Mite mitigation has been my week’s theme. Unaware, one night, a few hijacked a ride on my pajamas from coop to bed. Once settled, book in hand, teeth brushed, dog relieved, kids asleep, the creeping and crawling commenced. The near microscopic bugs moved across my body and sheets, my aging vision unable to sense well what my nerve endings were shouting. Unsure what I was dealing with, I wondered about bedbugs and other possibilities. Sleep was impossible until I changed my clothes and location.

Truth dawned with the light of day and I knew I had a mite-y problem on my hands.

I discovered website upon website dedicated to the eradication of this pest. While obnoxious and life-threatening for my birds, the mites are not interested in me. They will indulge in a human snack, when desperate, but chickens and other fowl are the preferred feast. My fears were exacerbated by ignorance and darkness.

I do prefer you to think I am a stellar chicken provider, putting my birds’ needs high on my list, the reality is, these mites were not a surprise. In fact, they had been crawling in the coop for a couple weeks but until I was impacted, until my sleep was threatened and my fears realized, I frankly didn’t want to deal with them. I thought the problem would disappear.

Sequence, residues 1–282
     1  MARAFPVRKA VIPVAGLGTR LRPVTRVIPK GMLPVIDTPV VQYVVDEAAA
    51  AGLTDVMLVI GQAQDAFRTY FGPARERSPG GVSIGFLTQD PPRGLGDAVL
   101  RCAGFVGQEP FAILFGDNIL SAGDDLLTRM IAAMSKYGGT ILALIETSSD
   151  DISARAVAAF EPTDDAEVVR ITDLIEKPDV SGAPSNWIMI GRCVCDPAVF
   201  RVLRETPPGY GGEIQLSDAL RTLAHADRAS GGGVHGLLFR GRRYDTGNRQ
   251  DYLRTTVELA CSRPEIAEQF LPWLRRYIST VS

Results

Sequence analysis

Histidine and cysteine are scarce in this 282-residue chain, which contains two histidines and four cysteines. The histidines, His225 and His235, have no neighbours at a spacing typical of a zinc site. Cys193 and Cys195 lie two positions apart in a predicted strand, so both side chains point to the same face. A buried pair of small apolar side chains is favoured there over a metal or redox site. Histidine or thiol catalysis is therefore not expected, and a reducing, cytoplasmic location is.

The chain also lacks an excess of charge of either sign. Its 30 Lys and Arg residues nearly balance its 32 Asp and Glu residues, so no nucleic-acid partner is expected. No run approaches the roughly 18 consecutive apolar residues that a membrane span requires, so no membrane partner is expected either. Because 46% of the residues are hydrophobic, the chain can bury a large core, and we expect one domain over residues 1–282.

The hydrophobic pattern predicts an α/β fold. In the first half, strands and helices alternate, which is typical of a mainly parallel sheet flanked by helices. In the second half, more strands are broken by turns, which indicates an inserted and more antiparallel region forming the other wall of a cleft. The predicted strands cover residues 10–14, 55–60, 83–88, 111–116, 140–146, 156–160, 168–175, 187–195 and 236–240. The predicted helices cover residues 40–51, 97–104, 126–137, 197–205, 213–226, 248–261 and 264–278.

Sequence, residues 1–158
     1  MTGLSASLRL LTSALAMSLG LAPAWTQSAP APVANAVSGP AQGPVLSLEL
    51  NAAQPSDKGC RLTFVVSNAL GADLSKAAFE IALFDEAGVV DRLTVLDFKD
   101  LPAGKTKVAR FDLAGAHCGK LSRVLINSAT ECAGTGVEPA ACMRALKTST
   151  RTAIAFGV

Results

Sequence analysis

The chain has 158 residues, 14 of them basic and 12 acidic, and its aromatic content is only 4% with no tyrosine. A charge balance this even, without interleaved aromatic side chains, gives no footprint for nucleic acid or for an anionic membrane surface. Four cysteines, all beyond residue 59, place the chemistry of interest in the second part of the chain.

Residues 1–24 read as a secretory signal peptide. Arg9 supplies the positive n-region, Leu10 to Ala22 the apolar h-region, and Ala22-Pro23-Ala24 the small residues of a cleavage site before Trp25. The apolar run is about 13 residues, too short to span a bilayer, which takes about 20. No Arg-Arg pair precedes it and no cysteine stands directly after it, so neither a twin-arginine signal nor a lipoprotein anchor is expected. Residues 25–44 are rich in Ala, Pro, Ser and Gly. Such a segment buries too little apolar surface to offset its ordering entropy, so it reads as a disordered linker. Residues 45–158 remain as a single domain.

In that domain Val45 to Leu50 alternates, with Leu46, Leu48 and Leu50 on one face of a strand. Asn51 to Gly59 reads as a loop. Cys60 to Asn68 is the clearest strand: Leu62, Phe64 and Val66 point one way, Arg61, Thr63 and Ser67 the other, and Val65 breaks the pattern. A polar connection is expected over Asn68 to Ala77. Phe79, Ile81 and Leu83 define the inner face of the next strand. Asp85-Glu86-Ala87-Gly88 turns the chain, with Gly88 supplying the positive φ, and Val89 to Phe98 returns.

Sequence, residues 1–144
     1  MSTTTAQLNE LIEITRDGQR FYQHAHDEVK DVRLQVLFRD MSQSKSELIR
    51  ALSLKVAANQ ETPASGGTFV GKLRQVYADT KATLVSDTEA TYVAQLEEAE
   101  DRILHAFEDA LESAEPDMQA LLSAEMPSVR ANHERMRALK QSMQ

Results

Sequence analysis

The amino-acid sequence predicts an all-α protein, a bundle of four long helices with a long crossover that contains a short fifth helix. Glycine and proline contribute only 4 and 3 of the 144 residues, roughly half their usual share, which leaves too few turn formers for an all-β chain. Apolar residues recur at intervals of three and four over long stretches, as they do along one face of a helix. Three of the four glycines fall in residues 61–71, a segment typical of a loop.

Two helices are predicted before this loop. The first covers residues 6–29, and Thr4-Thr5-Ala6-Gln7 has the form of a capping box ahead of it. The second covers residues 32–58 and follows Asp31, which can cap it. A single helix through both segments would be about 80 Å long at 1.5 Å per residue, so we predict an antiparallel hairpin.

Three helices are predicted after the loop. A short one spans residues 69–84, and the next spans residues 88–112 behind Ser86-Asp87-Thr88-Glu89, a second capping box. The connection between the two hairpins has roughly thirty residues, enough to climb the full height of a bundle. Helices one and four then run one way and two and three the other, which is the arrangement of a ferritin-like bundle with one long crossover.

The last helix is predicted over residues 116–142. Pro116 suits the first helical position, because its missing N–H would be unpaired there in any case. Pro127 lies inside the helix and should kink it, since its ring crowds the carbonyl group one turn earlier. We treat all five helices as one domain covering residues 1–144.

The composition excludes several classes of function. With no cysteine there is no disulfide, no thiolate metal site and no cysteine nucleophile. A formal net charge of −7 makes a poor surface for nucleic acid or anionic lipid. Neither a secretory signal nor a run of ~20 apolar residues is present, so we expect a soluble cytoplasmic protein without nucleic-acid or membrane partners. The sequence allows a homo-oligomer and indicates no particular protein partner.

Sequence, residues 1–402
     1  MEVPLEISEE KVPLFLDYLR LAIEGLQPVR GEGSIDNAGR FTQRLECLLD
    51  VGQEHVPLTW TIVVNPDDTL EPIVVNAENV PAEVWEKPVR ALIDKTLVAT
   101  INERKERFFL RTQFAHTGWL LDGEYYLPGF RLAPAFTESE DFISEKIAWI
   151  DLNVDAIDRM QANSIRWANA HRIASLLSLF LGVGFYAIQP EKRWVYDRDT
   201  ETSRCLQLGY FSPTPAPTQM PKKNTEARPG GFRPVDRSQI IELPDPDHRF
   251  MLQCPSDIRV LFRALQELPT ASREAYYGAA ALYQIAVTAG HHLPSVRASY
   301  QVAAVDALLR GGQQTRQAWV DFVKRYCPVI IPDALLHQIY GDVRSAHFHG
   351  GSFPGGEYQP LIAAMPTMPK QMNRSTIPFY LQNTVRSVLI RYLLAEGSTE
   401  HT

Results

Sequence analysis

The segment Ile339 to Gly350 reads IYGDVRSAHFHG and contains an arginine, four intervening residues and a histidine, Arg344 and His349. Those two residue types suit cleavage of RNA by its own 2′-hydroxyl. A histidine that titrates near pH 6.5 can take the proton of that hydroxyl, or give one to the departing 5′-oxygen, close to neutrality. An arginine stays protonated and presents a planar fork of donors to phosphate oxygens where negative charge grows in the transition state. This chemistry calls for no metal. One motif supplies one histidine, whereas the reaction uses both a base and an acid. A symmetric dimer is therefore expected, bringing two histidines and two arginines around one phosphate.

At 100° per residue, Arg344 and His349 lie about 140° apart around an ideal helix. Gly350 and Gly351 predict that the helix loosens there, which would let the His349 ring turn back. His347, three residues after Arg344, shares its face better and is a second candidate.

Nope.

I chose comfort, I chose ignorance. My procrastination and denial ensured I had a serious predicament, requiring swift and severe dedication. Only when my satisfaction and basic needs were jeopardized did I took a long, hard look at the growing problem. It wasn’t until I lost sleep that I mobilized and took deliberate action.

All the hard and harmful things I have faced, my first, gut-response is to choose ignorance. I want my convenience, I pretend it will go away, that I don’t have to do the work, I don’t have to face the ugly wretchedness of my ease.  Ignorance can be bliss, offering a beautiful and believable excuse of I didn’t know. All the while, harm is waiting at the door, ready to crawl into bed with us, attached to our clothes, our bodies, our souls. The work we don’t do is the burden we will forever bear, as we limp around, damaging our relationships, trading health and wholeness for the perilous substitutes of temporary comfort and blindness. Living in chosen ignorance, or denial will stop serving us, it will stop serving our families, our loved ones. Choosing blindness is to forever be marred, to forever be marked. Chosen blindness is chosen darkness and chosen silence and chosen complicit-ness.